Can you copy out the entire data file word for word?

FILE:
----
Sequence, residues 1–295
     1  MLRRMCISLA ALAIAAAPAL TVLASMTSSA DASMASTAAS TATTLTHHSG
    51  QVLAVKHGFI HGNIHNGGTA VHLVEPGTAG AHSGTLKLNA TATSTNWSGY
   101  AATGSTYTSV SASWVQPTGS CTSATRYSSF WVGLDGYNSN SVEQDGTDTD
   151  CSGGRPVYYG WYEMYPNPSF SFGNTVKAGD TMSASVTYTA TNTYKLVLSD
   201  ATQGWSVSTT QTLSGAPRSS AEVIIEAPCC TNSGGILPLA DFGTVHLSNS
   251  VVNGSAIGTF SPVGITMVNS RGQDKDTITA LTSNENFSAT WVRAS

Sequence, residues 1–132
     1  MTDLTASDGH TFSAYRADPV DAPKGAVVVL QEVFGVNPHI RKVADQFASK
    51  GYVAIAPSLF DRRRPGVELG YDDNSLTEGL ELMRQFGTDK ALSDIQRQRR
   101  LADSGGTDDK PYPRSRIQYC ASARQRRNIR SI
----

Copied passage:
Sequence, residues 1–295
     1  MLRRMCISLA ALAIAAAPAL TVLASMTSSA DASMASTAAS TATTLTHHSG
    51  QVLAVKHGFI HGNIHNGGTA VHLVEPGTAG AHSGTLKLNA TATSTNWSGY
   101  AATGSTYTSV SASWVQPTGS CTSATRYSSF WVGLDGYNSN SVEQDGTDTD
   151  CSGGRPVYYG WYEMYPNPSF SFGNTVKAGD TMSASVTYTA TNTYKLVLSD
   201  ATQGWSVSTT QTLSGAPRSS AEVIIEAPCC TNSGGILPLA DFGTVHLSNS
   251  VVNGSAIGTF SPVGITMVNS RGQDKDTITA LTSNENFSAT WVRAS

Sequence, residues 1–132
     1  MTDLTASDGH TFSAYRADPV DAPKGAVVVL QEVFGVNPHI RKVADQFASK
    51  GYVAIAPSLF DRRRPGVELG YDDNSLTEGL ELMRQFGTDK ALSDIQRQRR
   101  LADSGGTDDK PYPRSRIQYC ASARQRRNIR SI